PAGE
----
Among the outlets studied, the largest is Gannett, the nation’s biggest newspaper chain. It was managed by Fortress Investment Group following a 2019 merger with another Fortress-managed chain, and paid the firm more than $50 million in fees until the end of 2020. Fortress Managing Director Gordon Runte declined to comment.
The paper found private-equity firms were better able than other ownership types to increase digital subscriptions during the study period, from 2001 through 2019.
That’s because their expertise is turning around distressed businesses and making profits for their investors, not building public-service entities for the long term.
“These private equity investors are ridiculously incentivized to generate value,” Ewens said.
The study captured how these firms apparently moved quicker than legacy newspaper companies, which are now rapidly building digital subscriptions and catching up to the broader transition toward digital media.
There’s a broad spectrum of investment approaches. But the fastest growing local, digital news properties are now owned by “the most patient investors in news,” said Jim Friedlich, CEO of The Lenfest Institute, a nonprofit publishing The Philadelphia Inquirer.
“While some private equity owners may be investing in the digital future of their newspaper holdings, the most encouraging transformations remain news organizations controlled by local, civic-minded owners,” he said via email. “The Boston Globe, The Los Angeles Times, the Minneapolis Star Tribune, The Seattle Times and The Philadelphia Inquirer lead the nation in local newspaper digital subscriptions. Each is controlled locally by either a family, an individual civic leader or a nonprofit that has invested in their newsrooms and their digital product development.”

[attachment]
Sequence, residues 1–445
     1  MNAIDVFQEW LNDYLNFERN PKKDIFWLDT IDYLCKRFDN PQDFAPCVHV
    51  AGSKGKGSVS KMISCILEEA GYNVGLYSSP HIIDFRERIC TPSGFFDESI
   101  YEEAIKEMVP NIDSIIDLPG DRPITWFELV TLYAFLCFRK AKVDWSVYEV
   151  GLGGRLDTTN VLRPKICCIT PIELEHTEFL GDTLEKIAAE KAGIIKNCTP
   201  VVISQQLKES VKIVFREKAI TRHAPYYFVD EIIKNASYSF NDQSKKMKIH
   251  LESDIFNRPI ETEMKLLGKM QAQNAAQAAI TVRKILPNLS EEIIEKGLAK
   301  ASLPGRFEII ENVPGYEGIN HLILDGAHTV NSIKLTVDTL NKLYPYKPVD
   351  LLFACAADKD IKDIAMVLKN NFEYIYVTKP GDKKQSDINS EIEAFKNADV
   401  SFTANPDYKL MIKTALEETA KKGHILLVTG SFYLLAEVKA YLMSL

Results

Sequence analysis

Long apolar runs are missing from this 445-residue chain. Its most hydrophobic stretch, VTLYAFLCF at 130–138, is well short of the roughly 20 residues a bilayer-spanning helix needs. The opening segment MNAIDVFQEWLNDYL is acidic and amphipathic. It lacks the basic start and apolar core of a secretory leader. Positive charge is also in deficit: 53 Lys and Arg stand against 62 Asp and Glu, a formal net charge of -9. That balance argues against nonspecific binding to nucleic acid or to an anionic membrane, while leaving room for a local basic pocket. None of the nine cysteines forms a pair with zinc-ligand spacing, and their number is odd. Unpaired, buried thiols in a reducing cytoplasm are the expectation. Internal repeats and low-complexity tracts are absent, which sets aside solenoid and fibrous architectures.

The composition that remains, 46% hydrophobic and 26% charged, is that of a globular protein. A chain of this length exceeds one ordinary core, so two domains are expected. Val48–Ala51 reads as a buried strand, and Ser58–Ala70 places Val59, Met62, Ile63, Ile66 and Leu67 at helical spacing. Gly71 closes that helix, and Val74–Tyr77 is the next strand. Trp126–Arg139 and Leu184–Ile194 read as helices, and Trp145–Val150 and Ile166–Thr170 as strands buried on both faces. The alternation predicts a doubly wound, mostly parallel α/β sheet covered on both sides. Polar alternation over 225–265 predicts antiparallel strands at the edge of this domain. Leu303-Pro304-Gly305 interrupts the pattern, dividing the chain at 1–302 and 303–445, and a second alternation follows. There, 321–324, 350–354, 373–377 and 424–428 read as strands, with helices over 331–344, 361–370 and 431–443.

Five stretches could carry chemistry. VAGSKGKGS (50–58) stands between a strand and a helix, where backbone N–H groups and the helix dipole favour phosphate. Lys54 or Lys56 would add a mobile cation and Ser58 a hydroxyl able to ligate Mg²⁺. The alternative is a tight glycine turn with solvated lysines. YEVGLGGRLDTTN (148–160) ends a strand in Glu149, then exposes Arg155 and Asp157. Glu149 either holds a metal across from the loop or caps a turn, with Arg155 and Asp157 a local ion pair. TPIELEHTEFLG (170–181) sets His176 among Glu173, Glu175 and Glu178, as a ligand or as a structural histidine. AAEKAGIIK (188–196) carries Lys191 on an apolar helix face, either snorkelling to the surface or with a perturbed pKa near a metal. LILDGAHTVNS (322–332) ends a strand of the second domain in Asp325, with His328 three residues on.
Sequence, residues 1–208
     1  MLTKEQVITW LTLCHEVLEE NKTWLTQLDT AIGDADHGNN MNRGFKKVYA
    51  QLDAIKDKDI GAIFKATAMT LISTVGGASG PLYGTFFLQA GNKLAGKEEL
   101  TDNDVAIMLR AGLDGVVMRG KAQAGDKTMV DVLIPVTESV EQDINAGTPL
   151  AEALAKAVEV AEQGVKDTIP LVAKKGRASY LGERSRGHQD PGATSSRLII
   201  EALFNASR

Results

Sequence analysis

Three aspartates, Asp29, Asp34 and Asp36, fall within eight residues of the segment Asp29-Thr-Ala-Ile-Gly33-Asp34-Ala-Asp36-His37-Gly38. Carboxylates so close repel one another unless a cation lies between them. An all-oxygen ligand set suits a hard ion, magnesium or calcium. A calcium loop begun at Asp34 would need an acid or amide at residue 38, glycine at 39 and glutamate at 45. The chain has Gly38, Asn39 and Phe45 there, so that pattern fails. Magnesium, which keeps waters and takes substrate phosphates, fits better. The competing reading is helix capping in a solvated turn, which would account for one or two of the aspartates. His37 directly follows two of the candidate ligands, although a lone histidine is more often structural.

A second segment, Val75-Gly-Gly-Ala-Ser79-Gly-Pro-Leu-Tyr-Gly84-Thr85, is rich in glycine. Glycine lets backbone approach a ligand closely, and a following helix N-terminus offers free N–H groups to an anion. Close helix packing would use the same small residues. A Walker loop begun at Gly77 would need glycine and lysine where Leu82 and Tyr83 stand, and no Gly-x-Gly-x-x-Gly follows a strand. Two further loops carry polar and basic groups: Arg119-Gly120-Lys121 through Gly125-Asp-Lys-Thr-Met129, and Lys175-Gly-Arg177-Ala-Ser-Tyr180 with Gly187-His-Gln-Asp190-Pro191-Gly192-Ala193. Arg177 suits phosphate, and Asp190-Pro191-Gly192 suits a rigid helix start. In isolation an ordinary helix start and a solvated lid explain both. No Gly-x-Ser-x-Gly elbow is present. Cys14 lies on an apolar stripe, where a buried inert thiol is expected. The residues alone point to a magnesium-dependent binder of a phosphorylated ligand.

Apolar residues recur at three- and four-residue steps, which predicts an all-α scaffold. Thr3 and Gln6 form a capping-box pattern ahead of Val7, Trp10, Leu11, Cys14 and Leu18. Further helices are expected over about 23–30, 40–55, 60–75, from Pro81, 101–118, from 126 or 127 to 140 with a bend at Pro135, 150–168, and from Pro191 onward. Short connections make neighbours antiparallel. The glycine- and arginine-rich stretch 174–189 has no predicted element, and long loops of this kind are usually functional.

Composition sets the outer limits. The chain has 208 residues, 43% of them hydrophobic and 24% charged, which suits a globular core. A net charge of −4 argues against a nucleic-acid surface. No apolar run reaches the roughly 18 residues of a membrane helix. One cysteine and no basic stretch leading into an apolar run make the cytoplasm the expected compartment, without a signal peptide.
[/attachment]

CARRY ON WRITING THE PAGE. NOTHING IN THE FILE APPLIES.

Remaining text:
Private equity investments “can actually be good for an industry,” Ewens said. But “news is complicated because of the societal benefits it provides.”
Hard decisions are required when anyone tries to increase efficiencies in a declining business. Pain may be inevitable to save the patient.
For some industries, though, outcomes and public benefit must be higher priorities.
The paper makes a comparison with private-equity’s involvement in other sectors “characterized by public goods provision” such as education and health care, where other research found “negative effects on student and patient outcomes, respectively, after private equity buyouts.”
As the authors note, more research is needed. One open question is whether the private-equity approach works long-term, after these investors have already had their payday, or whether the thinned out papers will eventually lose subscribers and revenue.
“If the private-equity guys are wrong about this, the long-term is indeed bad for local news production,” Ewens said.
Still, the paper is a timely addition to the conversation about saving local news.
It provides additional evidence that there’s hope for making local news a sustainable business.
At the same time, it makes clear that the local journalism crisis, and resulting civic problems, will worsen if consolidation continues under owners prioritizing profit over community service.